Meanwhile, The Pentagon intends to send military reinforcements to the region and is establishing new tactical doctrines for their employment against China’s growing military power. But policymakers in Washington will be caught in a bind attempting to apply this military power against an accomplished salami-slicer. If sliced thinly enough, no one action will be dramatic enough to justify starting a war. How will a policymaker in Washington justify drawing a red line in front of a CNOOC oil rig anchoring inside Vietnam’s EEZ, or a Chinese frigate chasing off a Philippines survey ship over Reed Bank, or a Chinese infantry platoon appearing on a pile of rocks near the Spratly Islands? When contemplating a grievously costly war with a major power, such minor events will appear ridiculous as casus belli. Yet when accumulated over time and space, they could add up to a fundamental change in the region.
Although seemingly a distant player in the drama, the stakes for the United States are high. Both the global and U.S. economies depend on freedom of navigation through the sea; $5.3 trillion of global trade passes through the South China Sea each year, $1.2 trillion of which passes through U.S. ports. Second, the United States has a strong interest in preventing any power from unilaterally rewriting well-established international maritime law to its liking. Finally, the credibility of the U.S. alliance system and its reliability as a security partner will be at stake.
A salami-slicer puts the burden of disruptive action on his adversary. That adversary will be in the uncomfortable position of drawing seemingly unjustifiable red lines and engaging in indefensible brinkmanship. For China, that would mean simply ignoring America’s Pacific fleet and carrying on with its slicing, under the reasonable assumption that it will be unthinkable for the United States to threaten major-power war over a trivial incident in a distant sea.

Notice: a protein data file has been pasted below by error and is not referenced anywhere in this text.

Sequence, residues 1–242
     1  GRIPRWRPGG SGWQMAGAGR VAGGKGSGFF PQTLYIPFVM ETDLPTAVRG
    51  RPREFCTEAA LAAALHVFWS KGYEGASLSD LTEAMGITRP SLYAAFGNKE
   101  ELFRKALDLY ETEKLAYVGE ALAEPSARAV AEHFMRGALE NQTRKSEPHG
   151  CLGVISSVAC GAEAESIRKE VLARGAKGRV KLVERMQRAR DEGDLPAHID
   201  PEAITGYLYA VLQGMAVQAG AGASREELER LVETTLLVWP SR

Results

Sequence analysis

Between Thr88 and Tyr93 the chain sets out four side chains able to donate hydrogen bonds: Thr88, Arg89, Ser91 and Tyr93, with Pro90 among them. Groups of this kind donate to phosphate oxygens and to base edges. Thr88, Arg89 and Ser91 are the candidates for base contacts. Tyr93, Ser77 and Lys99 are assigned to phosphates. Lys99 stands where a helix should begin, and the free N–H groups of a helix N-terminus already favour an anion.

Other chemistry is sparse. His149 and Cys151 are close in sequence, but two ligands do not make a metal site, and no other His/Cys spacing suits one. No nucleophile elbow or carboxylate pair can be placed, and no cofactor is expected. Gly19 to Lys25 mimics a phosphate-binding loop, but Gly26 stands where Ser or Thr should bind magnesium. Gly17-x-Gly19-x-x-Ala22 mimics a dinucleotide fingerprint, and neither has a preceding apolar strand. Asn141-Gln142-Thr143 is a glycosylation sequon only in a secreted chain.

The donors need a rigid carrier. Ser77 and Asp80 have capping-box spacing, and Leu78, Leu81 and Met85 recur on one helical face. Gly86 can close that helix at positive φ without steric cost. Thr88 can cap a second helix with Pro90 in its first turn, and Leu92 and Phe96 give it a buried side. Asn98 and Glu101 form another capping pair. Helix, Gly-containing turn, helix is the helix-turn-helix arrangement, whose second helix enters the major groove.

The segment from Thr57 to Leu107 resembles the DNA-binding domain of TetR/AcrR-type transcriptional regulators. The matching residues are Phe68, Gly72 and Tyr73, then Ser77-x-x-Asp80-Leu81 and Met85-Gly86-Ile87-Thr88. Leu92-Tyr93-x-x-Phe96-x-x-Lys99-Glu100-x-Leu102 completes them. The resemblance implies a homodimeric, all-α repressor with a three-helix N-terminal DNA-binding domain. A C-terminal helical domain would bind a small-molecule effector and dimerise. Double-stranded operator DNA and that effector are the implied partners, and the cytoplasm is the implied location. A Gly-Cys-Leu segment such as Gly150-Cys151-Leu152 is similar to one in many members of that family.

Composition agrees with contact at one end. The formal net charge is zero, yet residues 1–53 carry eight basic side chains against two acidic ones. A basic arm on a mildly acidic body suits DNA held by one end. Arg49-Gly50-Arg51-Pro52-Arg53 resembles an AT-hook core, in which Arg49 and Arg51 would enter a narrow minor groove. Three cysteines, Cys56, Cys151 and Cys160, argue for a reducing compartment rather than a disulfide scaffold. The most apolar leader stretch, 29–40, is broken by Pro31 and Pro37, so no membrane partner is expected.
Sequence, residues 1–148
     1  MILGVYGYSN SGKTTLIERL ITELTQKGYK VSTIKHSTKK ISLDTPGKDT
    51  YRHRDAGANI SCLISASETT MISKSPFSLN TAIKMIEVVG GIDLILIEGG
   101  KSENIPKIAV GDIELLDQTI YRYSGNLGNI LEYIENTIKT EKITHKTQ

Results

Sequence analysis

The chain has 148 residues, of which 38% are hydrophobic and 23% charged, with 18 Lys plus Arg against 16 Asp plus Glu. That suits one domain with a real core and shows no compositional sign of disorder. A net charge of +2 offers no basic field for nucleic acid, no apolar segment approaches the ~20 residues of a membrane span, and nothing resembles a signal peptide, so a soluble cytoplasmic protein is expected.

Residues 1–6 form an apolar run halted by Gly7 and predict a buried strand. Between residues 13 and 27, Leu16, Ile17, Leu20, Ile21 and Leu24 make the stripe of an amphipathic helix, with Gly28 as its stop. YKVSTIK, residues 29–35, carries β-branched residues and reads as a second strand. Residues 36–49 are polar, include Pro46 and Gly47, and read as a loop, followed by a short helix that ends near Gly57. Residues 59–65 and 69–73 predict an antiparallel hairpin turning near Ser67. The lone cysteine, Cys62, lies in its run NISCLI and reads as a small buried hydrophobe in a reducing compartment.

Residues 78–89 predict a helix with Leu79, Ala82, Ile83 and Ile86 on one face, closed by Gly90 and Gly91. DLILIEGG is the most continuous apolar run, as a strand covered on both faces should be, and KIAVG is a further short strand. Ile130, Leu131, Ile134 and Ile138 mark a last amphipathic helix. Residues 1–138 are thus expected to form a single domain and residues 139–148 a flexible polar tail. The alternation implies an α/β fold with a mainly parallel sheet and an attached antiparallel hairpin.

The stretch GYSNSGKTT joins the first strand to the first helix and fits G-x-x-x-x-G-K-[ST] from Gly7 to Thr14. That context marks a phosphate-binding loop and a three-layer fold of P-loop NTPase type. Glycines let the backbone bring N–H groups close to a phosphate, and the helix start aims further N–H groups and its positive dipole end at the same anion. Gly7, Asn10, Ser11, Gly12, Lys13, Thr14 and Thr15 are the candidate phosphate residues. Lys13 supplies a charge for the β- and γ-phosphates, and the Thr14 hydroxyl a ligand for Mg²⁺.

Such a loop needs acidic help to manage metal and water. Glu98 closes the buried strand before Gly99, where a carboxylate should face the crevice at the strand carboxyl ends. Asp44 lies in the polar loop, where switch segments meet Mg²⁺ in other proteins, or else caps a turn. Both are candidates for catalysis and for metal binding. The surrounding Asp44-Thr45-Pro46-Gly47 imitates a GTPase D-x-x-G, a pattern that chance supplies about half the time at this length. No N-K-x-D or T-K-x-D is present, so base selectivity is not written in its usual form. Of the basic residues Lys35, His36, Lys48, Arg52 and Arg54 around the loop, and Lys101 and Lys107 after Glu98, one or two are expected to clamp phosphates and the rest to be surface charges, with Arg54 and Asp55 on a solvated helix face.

But what may appear trivial from a U.S. perspective could be vital to players like the Philippines and Vietnam, who are attempting to defend their territory and economic rights from an outright power grab. This fact may give these countries a greater incentive to be more aggressive than the United States in defending against China’s encroachments. And should shooting break out between China and one of these small countries, policymakers in Beijing will have to consider the reputational and strategic consequences of blasting away at a weaker neighbor.
Both the United States and ASEAN members would greatly prefer a negotiated code of conduct for resolving disputes in the South China Sea. But should China opt to pursue a salami-slicing strategy instead, policymakers in Washington may conclude that the only politically viable response is to encourage the small countries to more vigorously defend their rights, even if its risks conflict, with the promise of U.S. military backup. This would mean a reversal of current U.S. policy, which has declared neutrality over the sea’s boundary disputes.
The United States has stayed neutral because it doesn’t want to pre-commit itself to a sequence of events over which it may have no control. That approach is understandable but will increasingly conflict with security promises it has made to friends in the region and to the goal of preserving the global commons. Policymakers and strategists in Washington will have to ponder what, if anything, they can do against such a sharp salami-slicer.